A few years ago, when she was still premier of Gauteng, Nomvula Mokonyane’s no-nonsense stance towards service delivery and hardline approach against corruption earned her the name “Mama Action”.
Those who worked with her feared her like the plague. She commanded respect even among opposition parties. Her approval ratings in the media, which is well known for having little regard and forbearance for politicians, was considerably high. At last, many colleagues erroneously concluded, here was a politician who meant business. Here was a politician who would restore some faith in the ANC, whose brand was being assaulted from all angles after President Jacob Zuma and his band of ANC and private sector highwaymen.
Last Saturday evening I attended a gathering where a former senior Gauteng province bureaucrat was present. The individual, who could not be accused of talking under the influence of social lubricants, told of how – when Mokonyane was still premier – she kept her health MEC Qedani Mahlangu on a tight lead and on the straight and narrow.
“She may have issues now, but let me tell you, the health department was messed up. It sucked all our resources so that there was no money for anything else. Nomvula acted swiftly and brought the situation under control, reducing massive irregular and unauthorised expenditure to respectable levels. When Nomvula left the province in 2009, Qedani breathed a sigh of relief. If Nomvula was still in Gauteng, the Life Esidimeni tragedy would not have happened,” the former bureaucrat said.
This fellow is not alone. Towards the end of last year a senior executive in the department of water and sanitation told me that “when Nomvula arrived here, she was such a breath of fresh air. She had bright ideas and we were all ready to work hard with her”.
Mokonyane left the premier’s office in Gauteng with a relatively clean record. She may have had one or two skeletons (nyana) but it’s nothing that should cause you to lose your sleep, dear reader.
But now things appear to have gone pear-shaped, in spectacular fashion.
On Sunday City Press reported that Mokonyane’s department, which had an annual budget of about R15 billion, was about R4.3 billion in the red. Things are so bad that frustrated senior officials are calling for the Cabinet to consider placing the department under administration. They have a point. Any citizen who is not worried about the collapse of the department of water and sanitation needs urgent psychiatric attention.
Over the past year City Press has documented the systemic attempt by businesspeople close to Mokonyane to hijack major and key water infrastructural projects such as the R26-billion Lesotho Highlands Water Project (Phase 2), R5-billion Giyani Emergency Project, Mhlathuze Water and Umgeni Water boards. Rumours about the goings on at critical water boards such as Rand Water, Sedibeng and Boshelo water boards do not inspire confidence either. Equally, the Umzimvubu Water Project and the Trans Caledon Tunnel Authority are rumoured to be in trouble of one kind or the other.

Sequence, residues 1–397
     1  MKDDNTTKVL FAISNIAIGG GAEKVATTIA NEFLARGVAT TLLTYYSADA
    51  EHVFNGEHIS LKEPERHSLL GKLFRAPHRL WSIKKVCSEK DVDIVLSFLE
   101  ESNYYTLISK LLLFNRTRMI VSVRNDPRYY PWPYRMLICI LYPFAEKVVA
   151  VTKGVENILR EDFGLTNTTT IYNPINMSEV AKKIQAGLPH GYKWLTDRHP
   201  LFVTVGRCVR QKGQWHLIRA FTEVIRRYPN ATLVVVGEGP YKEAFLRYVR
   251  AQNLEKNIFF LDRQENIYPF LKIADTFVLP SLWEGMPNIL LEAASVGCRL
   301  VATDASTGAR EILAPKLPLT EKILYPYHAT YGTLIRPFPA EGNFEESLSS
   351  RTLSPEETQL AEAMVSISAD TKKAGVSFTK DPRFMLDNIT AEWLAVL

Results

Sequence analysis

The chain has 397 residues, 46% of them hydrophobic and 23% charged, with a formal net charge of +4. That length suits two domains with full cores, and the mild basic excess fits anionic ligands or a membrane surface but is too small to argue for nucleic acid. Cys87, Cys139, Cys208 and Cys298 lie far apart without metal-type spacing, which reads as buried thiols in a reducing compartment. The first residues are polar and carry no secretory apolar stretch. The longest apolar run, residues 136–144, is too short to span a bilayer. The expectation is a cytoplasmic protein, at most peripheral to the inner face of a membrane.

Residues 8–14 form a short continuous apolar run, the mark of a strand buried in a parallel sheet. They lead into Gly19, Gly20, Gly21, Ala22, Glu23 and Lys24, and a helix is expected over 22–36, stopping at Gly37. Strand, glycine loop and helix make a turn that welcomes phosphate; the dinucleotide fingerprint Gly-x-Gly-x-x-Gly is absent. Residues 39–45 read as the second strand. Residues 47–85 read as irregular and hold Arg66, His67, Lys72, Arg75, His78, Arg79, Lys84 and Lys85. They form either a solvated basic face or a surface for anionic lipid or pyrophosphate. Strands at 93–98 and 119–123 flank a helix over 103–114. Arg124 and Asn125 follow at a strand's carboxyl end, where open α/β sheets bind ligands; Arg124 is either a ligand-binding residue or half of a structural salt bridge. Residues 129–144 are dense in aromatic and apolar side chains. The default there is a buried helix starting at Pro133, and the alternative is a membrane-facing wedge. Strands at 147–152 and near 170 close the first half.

Following City Press’ report other media outlets followed with the following worrying reports:
» The East London-based Daily Dispatch reported that the department has had to attach assets worth R73 million belonging to the OR Tambo Municipality, which has failed to honour a debt that had been growing since 2011
» The Port Elizabeth-based Herald reported that the Nelson Mandela Metropolitan Municipality had expressed grave concerns about the Nooitgedacht Coega Low Level Water Scheme, which had to be funded by the department.
“At stake is the long-awaited Nooitgedacht Coega Low Level Water Scheme, which will not only be a crucial lifeline for residents and business, but which is also vital for future population and economic growth,” the paper said.
This week Mokonyane’s public relations machinery launched an offensive, denying all the allegations that the department was broke. They claimed that if there were contractors who had not been paid, it was because the department was still verifying if the work had indeed been done.
But by its own admission in letters obtained by City Press, and accounts of Treasury and senior officials in Mokonyane’s office, the department was broke, and would only start paying the invoices in the new financial year.
These examples of the mess in water and sanitation affairs indicate that Mokonyane has lost complete control of the department. These, coupled with facts that law enforcement agencies such as the Hawks, Special Investigating Unit and even the Public Protector, Advocate Busisiwe Mkhwebane, are probing possible corruption in the department should prompt Cabinet into action.
Urgent steps are required if we are to avert an Eskom-type crisis from which we will take years and billions of rands to recover. While there are energy substitutes for electricity, there is no substitute in the case of water. This is especially critical in a water-scarce country like ours, which is prone to occasional drought.
Mokonyane and the vultures circling around her should not be allowed to play a game of musical chairs with the future of our country. We cannot afford to be without water, which is the lifeblood of economic and social advancement.
So critical is water that nations have gone to war over it. Many conflicts have arisen around the Euphrates, Tigris Jordan rivers and the Suez Canal. Equally, history is replete with incidents of complete towns and civilisations that died due to water shortages. As they say, those who don’t learn from history are bound to repeat it.